Monday, June 27, 2016

Day 98: Luke 1:1-25 & Psalm 99 - Are the Gospels Myth or History?

Today's Reading: Luke 1:1-25 & Psalm 99

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Are the Gospels Myth or History?

"Inasmuch as many have undertaken to compile a narrative of the things that have been accomplished among us, just as those who from the beginning were eyewitnesses and ministers of the word have delivered them to us, it seemed good to me also, having followed all things closely for some time past, to write an orderly account for you, most excellent Theophilus, that you may have certainty concerning the things you have been taught.

In the days of Herod, king of Judea, there was a priest named Zechariah, of the division of Abijah." - Luke 1:1-5, ESV
Many people have asserted that the Gospels of Jesus Christ are religious myths and not historical accounts. But this assertion is a reflection of a pure bias against the truth claims of Christianity and against the supernatural. To dismiss something as mythological because it contains supernatural activity is to reveal the nature of your own bias more than the nature of the text itself.
Myths generally deal with things that either happened a long time ago, "A long time ago in a galaxy far, far away . . . " begins George Lucas' space myth. At other times, myths can have a certain timeless quality, not rooted in any specific time. A myth does not claim to be "an orderly account" of things handed down by "eyewitnesses." They do not open with reference to a specific time period and a specific person within the past 50-60 years. 
The fact is that any fair reading of the Gospels will reveal plainly that they are relentlessly historical. Time and again, the Gospel writers anchor the events of the life, death and resurrection of Jesus of Nazareth in a real place at a real time. Jesus was born under Herod the Great in Bethlehem and died under Pontius Pilate about 30 years later. 
Cross-checking historical references with other contemporary historians further reveals that all the historical details - the political parties, the customs and language, the names of key government officials, etc. - all make sense and stand up under verification. In other words, the Gospels claim to be historically accurate and, upon further research, they check out as being historically accurate. 
What is the significance of this? Most importantly, it means that the truth claims made by the Gospels writer regarding Jesus must be weighed as historical claims and not dismissed as mythological. Luke's opening paragraph, in particular, sets his Gospels as a document claiming to give greater certainty. Now such a claim itself does not make Luke's document certain, accurate or reliable. Many documents claim to be reliable when they are not. But it gives us a frame of reference, a starting point, once we know what Luke claims to have written.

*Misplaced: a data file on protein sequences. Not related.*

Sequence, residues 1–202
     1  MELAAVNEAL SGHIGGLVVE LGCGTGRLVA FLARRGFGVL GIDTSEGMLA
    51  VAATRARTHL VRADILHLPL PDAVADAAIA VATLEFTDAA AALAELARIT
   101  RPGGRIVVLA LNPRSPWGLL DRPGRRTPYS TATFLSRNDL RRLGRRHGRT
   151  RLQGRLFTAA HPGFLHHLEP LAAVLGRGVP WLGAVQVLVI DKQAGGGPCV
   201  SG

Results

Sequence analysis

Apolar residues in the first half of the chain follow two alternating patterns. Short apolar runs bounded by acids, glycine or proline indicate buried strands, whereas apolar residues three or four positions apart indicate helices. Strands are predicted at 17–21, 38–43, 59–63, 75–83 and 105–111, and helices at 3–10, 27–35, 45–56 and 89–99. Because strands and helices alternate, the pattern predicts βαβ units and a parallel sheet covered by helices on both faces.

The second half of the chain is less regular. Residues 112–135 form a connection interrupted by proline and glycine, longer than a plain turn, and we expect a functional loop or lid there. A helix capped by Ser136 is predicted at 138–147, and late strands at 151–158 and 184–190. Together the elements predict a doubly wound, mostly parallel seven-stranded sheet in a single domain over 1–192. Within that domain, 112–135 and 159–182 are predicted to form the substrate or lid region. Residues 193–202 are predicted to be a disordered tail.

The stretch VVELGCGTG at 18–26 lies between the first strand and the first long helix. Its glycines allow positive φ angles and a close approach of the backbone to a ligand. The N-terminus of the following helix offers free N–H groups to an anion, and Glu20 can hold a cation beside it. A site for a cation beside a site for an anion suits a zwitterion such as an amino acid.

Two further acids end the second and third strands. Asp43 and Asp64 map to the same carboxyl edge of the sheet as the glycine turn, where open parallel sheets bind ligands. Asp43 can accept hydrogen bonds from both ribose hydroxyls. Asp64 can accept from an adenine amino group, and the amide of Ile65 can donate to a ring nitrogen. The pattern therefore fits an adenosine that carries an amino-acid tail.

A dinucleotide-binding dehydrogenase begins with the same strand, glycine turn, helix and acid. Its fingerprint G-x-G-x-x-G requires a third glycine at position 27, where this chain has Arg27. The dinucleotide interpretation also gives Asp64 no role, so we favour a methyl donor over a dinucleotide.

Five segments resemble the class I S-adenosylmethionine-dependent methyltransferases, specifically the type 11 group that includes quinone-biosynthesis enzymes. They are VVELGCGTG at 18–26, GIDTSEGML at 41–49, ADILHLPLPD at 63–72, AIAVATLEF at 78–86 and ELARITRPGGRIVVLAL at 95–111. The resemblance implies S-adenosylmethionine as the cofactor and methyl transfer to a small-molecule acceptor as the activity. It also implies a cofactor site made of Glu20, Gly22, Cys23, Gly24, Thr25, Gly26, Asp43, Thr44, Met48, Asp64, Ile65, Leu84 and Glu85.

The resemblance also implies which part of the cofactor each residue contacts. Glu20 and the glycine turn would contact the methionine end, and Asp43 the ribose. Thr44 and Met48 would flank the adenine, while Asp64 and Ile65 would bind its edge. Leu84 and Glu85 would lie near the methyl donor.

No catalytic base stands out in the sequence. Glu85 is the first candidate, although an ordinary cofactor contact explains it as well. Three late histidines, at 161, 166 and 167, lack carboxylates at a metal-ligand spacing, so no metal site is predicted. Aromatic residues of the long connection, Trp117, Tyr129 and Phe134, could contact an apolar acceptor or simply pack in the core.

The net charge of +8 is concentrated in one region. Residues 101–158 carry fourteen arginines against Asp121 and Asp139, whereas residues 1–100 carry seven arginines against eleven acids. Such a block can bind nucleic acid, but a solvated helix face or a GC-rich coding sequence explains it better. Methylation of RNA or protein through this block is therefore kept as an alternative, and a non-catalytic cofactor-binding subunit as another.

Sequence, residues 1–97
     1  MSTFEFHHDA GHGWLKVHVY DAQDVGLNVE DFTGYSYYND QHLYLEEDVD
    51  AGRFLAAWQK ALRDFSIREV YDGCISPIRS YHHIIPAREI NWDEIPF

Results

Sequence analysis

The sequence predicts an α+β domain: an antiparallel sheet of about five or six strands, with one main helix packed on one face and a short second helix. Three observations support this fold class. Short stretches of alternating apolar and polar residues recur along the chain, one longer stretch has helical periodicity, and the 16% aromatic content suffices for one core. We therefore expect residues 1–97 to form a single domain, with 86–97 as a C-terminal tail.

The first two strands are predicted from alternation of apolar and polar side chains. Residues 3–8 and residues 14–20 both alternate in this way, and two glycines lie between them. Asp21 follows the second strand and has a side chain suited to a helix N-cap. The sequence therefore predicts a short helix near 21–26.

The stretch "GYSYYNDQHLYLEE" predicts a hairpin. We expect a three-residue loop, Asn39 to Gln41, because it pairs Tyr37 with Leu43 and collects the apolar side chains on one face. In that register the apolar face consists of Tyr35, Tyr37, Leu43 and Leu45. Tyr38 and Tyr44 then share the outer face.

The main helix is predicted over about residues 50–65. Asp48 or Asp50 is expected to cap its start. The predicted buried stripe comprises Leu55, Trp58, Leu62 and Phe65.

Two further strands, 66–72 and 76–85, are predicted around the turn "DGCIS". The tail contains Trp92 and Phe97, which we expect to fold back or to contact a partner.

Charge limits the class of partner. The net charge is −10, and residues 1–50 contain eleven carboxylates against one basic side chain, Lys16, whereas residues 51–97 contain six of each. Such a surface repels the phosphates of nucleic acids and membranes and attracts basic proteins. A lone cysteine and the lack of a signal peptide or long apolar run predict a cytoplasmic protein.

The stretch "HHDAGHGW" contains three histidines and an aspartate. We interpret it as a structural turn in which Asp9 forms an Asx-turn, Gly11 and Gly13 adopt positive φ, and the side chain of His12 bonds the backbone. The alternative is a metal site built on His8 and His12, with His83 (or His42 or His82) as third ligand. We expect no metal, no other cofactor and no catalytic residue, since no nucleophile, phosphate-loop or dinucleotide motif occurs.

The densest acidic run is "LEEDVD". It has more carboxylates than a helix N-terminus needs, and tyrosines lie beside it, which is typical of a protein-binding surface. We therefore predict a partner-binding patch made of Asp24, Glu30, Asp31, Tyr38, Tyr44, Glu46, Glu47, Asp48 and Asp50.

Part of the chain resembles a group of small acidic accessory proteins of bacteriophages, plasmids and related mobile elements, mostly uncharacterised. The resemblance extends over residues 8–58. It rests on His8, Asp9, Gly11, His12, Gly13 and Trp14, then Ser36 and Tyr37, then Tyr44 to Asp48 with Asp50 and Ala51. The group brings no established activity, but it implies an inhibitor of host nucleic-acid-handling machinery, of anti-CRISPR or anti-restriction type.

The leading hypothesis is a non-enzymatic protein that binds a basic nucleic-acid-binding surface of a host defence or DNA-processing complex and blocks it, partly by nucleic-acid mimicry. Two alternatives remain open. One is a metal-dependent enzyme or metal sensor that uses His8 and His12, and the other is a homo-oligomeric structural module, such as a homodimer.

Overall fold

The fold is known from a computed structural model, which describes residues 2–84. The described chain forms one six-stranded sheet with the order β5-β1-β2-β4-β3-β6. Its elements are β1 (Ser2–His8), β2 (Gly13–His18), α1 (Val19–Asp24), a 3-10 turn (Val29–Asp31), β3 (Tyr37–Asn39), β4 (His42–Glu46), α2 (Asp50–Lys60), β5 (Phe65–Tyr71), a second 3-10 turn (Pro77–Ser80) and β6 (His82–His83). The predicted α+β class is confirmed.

Luke is careful in how he expresses himself. He wants Theophilus to know that he mas been careful in his investigation. He sets his Gospel within the context of eyewitness accounts and reliable testimony. While we are 2,000 years removed from the writing of this account, we need to know that many of the claims made in Luke - and in Matthew, Mark and John - were easily verifiable or falsifiable to the original recipients of these Gospels.

We, like Theophilus, can use the evidence and testimonies and details compiled by Luke to gain a more certain understanding of the truth concerning Jesus. Through his writing, we can know that God has indeed spoke, acted and redeemed His people through His Son, Jesus Christ.

Prayer Based on Psalm 99:

O Lord, You do indeed reign over all the earth. You are great and You are highly exalted far above all the peoples of the earth. Everyone on earth owes You honor, praise, allegiance and worship, with all that we are. 

Lord Jesus, in Your awesome power, You revealed to us that You indeed love justice. You have set prisoners free and have reached out to lift up the downtrodden. You have perfectly executed righteousness and justice in Your sinless life, Your wondrous works, Your atoning death and Your triumphant resurrection! 

O Lord, in Your word, we have a sure testimony of why You are and what You have done, You have spoken and we can trust and receive what You have said. You have shown that You forgive and also that You avenge, Our response should be - must be - wholehearted worship. Let us worship You acceptably in reverence and awe!

In Jesus perfect name we pray, Amen! 

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